Sunday, 28 August 2011

Fool's Paradise: Les Oakes (1938 - 2000)

This is a little film I made in 2000 about Les Oakes' private museum at Hales View Farm just outside of Cheadle, Staffordshire:

It was the first film I shot on 16mm - the negative was telecined straight to DV and edited in Brighton by Andy Starke - one half of Mondo Macabro and now Kill List producer. 

I grew up only few miles from Hales View Farm. Both Les and his museum made quite an impression on me when I was growing up. He used to erect buildings from designs scrawled in crayon on cornflake packets:

In the pantheon of object fetishists, Russia had Eisenstein, the Caucasus had Paradjanov, Poland had Borowczyk and the Czech Republic has Svankmajer.

England had Les Oakes:

When I first got hold of a Bolex camera my plan was to make a short film about Les and his circle - tradesmen, farmers, gypsies and bare knuckle fighters. Les was good friends with Bartley Gorman - the 'King of the Gypsies' who Shane Meadows made a documentary about in 1995:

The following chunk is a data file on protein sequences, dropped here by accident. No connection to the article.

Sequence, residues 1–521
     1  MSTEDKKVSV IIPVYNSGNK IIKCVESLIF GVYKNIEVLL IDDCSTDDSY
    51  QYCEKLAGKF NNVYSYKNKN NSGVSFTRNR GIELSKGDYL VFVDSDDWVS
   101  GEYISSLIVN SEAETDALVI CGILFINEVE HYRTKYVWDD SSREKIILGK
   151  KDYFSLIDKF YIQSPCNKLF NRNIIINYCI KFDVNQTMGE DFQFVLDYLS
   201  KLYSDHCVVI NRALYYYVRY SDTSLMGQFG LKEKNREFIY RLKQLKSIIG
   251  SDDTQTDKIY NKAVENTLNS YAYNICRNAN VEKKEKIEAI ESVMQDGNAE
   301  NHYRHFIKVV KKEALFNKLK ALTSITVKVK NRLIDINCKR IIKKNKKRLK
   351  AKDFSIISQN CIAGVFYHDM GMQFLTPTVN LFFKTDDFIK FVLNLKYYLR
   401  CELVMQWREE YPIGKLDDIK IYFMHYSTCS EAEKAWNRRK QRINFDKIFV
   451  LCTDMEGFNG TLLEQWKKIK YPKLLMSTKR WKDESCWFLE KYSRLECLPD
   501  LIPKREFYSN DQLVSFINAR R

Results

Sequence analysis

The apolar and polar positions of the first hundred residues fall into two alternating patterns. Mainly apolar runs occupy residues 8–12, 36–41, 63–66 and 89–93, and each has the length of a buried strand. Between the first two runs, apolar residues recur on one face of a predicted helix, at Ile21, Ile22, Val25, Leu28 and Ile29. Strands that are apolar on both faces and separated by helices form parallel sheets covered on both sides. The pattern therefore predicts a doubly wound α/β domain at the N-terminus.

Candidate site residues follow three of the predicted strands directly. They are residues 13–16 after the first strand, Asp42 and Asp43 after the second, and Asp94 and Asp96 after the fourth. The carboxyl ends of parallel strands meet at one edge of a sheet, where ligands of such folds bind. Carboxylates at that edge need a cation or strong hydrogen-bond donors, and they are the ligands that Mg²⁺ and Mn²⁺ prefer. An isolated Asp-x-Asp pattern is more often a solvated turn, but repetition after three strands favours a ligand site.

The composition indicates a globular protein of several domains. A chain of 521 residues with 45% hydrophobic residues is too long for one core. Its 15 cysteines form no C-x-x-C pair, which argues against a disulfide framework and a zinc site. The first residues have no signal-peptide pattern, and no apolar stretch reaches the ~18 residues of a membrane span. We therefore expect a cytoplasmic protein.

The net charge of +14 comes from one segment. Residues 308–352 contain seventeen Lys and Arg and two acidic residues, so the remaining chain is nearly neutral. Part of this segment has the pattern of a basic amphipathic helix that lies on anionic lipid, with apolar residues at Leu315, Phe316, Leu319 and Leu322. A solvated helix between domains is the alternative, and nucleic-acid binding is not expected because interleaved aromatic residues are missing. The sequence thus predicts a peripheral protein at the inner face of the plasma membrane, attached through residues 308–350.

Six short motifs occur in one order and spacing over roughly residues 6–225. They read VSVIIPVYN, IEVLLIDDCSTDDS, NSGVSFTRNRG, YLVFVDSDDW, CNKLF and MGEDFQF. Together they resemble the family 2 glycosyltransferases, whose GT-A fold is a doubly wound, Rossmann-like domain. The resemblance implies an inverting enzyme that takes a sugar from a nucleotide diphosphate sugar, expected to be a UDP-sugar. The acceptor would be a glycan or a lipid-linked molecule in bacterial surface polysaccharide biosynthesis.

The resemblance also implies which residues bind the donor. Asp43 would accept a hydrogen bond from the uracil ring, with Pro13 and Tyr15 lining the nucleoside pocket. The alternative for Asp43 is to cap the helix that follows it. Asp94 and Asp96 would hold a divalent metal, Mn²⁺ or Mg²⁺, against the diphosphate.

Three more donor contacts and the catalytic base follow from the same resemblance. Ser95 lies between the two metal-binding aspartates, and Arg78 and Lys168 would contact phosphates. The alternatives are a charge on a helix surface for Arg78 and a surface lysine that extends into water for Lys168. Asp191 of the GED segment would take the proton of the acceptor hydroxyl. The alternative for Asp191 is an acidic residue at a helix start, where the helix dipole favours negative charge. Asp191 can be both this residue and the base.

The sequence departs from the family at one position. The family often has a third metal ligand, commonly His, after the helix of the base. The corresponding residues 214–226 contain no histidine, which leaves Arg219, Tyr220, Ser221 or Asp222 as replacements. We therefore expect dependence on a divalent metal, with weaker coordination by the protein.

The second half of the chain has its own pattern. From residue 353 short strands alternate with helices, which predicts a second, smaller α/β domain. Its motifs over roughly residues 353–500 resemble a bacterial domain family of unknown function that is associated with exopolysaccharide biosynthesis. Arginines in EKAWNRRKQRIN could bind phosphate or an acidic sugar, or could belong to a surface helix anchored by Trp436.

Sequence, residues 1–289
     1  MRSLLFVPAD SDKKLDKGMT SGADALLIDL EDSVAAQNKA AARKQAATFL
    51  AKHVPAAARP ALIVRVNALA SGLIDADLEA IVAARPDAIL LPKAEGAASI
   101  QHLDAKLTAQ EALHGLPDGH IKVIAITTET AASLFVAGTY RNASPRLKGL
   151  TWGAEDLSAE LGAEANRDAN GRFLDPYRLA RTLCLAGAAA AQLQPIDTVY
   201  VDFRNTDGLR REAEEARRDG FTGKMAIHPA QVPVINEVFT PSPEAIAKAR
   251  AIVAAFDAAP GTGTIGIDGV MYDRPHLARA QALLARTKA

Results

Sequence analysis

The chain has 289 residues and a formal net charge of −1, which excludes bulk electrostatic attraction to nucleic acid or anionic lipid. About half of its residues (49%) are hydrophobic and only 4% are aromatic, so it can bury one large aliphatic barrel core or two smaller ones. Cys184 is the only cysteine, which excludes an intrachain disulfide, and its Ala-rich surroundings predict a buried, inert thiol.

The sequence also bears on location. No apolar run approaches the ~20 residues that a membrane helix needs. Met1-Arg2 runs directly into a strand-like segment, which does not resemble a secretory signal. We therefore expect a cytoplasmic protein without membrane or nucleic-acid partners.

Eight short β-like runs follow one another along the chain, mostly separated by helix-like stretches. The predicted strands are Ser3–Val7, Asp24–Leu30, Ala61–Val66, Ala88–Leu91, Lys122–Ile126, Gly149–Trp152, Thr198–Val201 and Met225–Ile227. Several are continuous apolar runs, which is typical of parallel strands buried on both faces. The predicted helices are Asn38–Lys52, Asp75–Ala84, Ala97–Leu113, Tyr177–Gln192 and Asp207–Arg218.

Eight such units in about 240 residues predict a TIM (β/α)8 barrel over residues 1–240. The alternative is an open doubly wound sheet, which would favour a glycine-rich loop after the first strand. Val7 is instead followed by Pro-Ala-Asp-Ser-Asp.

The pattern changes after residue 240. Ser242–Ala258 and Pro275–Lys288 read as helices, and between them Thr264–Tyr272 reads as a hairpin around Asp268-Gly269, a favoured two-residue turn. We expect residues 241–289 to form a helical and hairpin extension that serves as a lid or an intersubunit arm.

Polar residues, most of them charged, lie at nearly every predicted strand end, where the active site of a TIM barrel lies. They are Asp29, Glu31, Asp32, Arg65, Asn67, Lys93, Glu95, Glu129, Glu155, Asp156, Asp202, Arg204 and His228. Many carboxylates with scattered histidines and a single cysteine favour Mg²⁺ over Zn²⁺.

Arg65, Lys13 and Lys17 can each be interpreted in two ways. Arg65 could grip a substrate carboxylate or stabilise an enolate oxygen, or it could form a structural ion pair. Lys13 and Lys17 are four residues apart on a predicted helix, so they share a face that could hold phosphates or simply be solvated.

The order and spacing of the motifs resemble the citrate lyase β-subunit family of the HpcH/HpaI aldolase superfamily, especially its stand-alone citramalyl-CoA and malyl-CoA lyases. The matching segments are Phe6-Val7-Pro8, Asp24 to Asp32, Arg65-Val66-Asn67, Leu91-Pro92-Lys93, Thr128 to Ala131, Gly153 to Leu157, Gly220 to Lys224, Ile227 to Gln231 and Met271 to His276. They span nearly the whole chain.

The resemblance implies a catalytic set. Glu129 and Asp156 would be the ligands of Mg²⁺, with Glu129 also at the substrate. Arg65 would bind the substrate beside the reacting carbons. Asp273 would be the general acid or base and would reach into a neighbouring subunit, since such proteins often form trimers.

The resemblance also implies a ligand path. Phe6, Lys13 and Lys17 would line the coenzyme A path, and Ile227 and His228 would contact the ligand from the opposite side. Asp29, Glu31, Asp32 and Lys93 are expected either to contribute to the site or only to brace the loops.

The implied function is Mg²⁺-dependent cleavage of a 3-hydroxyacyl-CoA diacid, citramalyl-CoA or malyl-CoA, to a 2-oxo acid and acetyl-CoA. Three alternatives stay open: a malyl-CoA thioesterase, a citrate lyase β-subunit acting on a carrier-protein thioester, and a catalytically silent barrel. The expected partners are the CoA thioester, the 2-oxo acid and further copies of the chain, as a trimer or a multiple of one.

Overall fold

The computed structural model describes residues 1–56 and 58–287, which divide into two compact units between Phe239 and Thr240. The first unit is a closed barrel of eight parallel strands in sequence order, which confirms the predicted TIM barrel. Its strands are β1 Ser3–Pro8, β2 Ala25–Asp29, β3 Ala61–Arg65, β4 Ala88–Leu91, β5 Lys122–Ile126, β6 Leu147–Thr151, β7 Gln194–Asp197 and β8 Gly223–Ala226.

I spent a few days shooting in the museum and recorded interviews with some of Les' friends in and around the area. Then Les was killed in an accident. He was on his way back from an auction when he got hit by a car.

There are some shots from Bruno Schulz's 'Book of Idolatory' - I had a set of prints framed on my wall and I used to run off the reel ends filming details from them.

Mavis, Les' wife, died a few years ago and her sons auctioned off some of his collection. This biography is taked from the catalogue:

"Les Oakes was born on 21st March 1938 at Lower Grange Farm, Cheadle, Staffordshire. 

At the age of 7 he was attending auctions with his Grandfather buying and selling horse-drawn vehicles and memorabilia, he was also buying and selling pigeons and ferrets from his school locker. 

At the age of 11, whilst attending Cheadle Secondary Modern he had, unbeknown to his father, amassed over 70 horse-drawn vehicles and stored them at various local farms in and around Cheadle where he worked in the evenings and at weekends to pay for the storage costs.